Shooting with a steadycam

I recently got involved in a short film project that required shooting with a Steadycam.

Steadycam Operator

Johannes Stromme my good friend and steady-cam operator.

The plan

My first thought was to get my hands on a full steadycam. My friend lent me his Glidecam 4000HD and full body brace and arm.
Good start. I was on a shoot a few weeks ago and shot steadycam but really had no choice but to go ultra wide angle (such as Tokina 11-16) to eliminate the need to switch focus.
And even so experienced that nothing ever seemed to be quite in focus. Either i set the focus to infinity and everything closer than 5-6m looked hazy, or set focus to 5m and everything before and after looked bad.
What I actually needed was a wireless follow focus- but this posed another problem. By the freedom granted by a steadycam one is inclined to move about a lot. This means either the focus puller needs to run after the steadycam, keeping an eye on a on-rig rather large monitor.
Or, I would need a wireless monitoring system. After some serious recearch I deemed any pro market/cinema solutions as waaay too pricey. Paralinx Arrow was still over my budget.
I found a rental place that would rent me an Arri WFU-3 wireless follow focus. After tests we found it could be used with the likes of EF lenses (Nikon F, Sony Alpha and E-mount lenses too). But required manual calibration.
This system is actually built for the Arri Alexa with 3 different motors, Iris, Focus and Zoom. I needed just the focus.

Arri wireless follow focus unit   Arri wireless follow focus motor

Camera and wireless video

Tha camera I wanted to shoot on was the consumer Sony FS700 due to its capability of shooting 120FPS in 1080p HD. Luckily this camera has both live HDMI and 3G-SDI out. Which means it can output high resolution video as it shoots. I bought a cheaper wireless HD solution with a small HDMI dongle that run on USB 5V.
Basically a rebranded Gefen TV it was easy with the camera end.

Fs700 setup wireless steadycam

The simple HDMI video transmitter setup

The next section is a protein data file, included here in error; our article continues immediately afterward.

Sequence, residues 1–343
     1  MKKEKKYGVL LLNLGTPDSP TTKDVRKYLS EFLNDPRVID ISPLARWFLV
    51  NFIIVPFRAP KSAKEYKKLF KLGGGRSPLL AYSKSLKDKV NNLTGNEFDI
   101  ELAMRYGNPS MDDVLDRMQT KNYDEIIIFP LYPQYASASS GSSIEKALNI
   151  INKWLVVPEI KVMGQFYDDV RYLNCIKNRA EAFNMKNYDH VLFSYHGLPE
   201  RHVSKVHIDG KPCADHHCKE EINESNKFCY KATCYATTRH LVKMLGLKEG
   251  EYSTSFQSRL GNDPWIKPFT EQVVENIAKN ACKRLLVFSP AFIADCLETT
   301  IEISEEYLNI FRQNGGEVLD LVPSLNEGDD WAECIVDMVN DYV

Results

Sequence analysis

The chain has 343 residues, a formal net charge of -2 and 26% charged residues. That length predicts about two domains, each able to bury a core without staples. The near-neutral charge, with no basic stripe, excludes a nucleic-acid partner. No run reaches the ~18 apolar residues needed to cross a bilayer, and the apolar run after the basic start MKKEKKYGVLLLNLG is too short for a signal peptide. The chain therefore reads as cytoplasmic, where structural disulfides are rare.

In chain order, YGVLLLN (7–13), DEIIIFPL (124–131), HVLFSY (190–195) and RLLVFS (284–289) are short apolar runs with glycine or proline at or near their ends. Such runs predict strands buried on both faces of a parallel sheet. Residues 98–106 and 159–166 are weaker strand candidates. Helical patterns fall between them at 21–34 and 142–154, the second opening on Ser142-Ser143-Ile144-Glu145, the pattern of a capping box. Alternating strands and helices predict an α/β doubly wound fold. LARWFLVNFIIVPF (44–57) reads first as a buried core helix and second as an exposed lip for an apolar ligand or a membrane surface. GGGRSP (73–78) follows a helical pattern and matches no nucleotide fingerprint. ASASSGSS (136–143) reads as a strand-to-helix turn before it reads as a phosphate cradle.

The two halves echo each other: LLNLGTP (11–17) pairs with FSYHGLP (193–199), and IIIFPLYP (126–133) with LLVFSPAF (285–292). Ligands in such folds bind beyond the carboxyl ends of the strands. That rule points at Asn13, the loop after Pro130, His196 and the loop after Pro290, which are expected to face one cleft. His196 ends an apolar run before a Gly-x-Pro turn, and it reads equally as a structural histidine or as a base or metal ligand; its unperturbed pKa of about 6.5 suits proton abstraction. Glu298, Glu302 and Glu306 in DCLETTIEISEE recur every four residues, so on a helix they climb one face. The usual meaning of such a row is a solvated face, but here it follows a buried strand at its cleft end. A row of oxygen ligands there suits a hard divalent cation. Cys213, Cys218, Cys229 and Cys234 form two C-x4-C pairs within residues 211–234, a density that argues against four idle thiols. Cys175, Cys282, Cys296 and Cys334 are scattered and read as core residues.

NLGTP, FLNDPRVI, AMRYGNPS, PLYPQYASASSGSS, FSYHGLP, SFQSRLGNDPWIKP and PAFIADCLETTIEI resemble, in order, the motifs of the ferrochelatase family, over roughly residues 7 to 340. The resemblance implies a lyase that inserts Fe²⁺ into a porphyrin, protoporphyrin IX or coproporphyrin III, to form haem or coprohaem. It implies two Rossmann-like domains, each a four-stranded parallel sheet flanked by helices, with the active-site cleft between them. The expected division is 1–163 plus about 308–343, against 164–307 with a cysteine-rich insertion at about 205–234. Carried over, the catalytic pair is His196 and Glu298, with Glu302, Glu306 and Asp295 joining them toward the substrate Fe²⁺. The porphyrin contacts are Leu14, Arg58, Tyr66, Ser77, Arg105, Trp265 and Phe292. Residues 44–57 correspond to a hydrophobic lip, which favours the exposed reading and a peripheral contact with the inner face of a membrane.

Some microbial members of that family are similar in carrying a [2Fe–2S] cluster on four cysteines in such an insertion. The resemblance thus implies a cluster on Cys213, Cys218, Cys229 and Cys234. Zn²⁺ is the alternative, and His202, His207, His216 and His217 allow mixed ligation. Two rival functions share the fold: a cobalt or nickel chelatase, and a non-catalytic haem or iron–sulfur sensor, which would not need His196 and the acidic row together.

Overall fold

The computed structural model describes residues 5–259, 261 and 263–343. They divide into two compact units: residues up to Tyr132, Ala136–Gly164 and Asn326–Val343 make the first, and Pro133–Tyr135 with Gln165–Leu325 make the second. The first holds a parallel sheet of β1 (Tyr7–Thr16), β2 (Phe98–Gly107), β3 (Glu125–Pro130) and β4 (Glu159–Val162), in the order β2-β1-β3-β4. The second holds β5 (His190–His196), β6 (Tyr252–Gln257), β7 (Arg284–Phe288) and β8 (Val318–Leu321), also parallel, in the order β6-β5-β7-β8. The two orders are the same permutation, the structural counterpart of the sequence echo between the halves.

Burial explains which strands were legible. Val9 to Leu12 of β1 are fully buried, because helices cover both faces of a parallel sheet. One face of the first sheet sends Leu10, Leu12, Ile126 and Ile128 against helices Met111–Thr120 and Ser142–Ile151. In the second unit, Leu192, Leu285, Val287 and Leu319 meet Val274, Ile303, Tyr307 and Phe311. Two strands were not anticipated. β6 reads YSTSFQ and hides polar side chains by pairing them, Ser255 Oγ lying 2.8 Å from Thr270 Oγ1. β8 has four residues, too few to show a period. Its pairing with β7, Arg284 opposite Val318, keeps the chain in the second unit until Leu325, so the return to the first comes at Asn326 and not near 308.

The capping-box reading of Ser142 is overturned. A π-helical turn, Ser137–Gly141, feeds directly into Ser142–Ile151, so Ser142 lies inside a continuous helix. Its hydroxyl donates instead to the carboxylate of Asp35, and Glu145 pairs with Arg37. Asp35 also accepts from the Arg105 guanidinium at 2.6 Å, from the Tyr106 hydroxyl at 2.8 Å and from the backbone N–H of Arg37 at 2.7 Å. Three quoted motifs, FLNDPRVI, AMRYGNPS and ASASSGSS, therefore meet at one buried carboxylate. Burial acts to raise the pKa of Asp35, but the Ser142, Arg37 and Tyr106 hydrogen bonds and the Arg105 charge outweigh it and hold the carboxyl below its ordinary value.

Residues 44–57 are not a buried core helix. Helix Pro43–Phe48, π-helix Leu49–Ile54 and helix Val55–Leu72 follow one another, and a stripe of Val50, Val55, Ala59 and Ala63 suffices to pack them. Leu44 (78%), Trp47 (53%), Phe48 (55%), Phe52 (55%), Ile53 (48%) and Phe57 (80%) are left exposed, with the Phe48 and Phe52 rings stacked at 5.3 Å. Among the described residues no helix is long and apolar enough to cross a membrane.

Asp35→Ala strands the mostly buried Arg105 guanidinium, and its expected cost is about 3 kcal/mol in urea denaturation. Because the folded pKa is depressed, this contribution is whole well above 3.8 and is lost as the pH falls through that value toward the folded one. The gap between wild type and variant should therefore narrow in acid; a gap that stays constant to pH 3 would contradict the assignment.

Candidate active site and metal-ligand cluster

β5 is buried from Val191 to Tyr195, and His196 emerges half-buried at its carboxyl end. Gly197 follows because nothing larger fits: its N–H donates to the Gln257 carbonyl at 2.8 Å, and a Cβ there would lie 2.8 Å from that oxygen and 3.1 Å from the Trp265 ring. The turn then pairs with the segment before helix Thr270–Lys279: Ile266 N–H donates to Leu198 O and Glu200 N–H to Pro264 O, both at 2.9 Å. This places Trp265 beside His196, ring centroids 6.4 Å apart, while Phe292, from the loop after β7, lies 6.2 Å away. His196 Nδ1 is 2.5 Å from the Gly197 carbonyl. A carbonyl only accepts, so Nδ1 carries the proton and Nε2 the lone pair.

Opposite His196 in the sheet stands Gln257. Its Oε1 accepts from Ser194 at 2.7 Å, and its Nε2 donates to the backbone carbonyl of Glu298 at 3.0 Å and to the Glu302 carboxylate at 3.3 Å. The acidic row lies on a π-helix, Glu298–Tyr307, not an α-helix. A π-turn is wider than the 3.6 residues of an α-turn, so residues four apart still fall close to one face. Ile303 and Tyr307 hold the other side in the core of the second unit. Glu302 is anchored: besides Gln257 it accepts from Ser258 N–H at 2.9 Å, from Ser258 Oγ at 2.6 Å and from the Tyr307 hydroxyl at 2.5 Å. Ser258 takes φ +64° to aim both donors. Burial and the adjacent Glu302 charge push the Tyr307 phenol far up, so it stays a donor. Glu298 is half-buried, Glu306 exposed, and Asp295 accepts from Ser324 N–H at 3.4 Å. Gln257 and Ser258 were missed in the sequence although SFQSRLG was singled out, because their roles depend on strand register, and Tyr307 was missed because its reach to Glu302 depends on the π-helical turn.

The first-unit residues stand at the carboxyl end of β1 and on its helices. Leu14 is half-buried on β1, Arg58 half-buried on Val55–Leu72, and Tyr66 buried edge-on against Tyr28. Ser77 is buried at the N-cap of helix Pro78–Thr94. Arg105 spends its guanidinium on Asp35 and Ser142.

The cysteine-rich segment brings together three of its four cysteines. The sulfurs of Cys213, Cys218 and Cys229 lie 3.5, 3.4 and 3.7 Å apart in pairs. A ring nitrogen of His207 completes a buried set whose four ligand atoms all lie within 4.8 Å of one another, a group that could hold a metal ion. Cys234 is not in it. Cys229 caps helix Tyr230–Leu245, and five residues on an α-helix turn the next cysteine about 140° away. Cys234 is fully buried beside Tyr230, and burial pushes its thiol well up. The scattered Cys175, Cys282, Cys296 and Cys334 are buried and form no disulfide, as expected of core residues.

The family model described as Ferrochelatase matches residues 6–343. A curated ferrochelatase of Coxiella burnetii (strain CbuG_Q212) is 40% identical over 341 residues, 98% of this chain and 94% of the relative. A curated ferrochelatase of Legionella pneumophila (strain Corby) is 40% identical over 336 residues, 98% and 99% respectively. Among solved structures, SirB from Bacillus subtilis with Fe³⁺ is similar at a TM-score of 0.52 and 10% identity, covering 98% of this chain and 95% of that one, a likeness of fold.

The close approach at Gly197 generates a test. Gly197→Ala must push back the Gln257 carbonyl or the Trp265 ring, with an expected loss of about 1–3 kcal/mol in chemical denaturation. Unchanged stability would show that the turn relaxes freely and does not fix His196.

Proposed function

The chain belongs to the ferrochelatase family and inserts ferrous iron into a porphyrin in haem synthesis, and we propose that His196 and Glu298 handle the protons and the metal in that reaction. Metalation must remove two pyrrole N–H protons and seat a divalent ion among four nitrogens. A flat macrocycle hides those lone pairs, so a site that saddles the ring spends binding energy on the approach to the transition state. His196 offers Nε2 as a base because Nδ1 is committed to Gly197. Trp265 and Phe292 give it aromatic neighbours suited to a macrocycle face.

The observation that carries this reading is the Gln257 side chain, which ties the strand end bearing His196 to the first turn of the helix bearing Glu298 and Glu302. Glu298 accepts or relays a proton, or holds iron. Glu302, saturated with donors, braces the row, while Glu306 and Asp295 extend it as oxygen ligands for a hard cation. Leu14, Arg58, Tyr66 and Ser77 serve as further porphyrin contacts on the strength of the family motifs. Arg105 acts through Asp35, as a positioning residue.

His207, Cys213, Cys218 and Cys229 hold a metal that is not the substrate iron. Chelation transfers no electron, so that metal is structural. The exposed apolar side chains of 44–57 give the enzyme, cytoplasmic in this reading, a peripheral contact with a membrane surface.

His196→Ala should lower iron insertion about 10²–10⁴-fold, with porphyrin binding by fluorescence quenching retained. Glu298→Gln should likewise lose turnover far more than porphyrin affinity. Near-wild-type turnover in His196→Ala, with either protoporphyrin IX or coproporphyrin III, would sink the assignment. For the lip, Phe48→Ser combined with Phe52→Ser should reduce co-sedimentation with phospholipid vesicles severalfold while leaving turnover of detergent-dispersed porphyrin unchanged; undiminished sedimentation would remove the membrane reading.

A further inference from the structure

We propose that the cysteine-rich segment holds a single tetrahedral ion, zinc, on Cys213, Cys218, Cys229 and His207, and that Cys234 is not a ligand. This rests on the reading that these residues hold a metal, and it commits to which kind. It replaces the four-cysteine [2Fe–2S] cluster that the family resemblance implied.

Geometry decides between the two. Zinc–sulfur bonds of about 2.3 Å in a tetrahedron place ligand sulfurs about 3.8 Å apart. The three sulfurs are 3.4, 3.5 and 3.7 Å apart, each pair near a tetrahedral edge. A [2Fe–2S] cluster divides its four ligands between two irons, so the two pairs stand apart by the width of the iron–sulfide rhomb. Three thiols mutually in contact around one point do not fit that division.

It required just 5v 0.5AMp to work. So any old USB battery pack would work to power it. Here is one i’d recommend on ebay. But I experienced that a full day of shooting wih only half an hour pause to recharge with a 5800mAh was more than enough to power the WHD transmitter.
The reciever though was a different story. It required 5v 2.1A, which means you need a much more powerful battery. There are several brands out there that can do the job. Typically iPad chargers that can output 2.1A. Here is what you need.
Wireless video unit
I used an ikan 5 inch monitor and rigged it all in a P&C cage.

One tip to evryone- whatever shoot youre on. You can NEVER have enough batteries!

Batteries charging

If you have any questions regarding the build please feel free to drop me a comment below. Have you ever shot with something like this? Would love to hear your experiences in the comments below.

Sources of inspiration for this blog:
Thanks Lee 😉

One Response to “Shooting with a steadycam”
Check out what others are saying...
  1. […] recently got to work on a project that required slow motion video and also needed the use of a steadycam in almost all the shots. There are quite a few new cameras out there now that are capable of […]

Leave a Reply

Fill in your details below or click an icon to log in: Logo

You are commenting using your account. Log Out / Change )

Twitter picture

You are commenting using your Twitter account. Log Out / Change )

Facebook photo

You are commenting using your Facebook account. Log Out / Change )

Google+ photo

You are commenting using your Google+ account. Log Out / Change )

Connecting to %s

  • Post history

  • Top 3 Clicks

  • Who’s here

  • Categories

%d bloggers like this: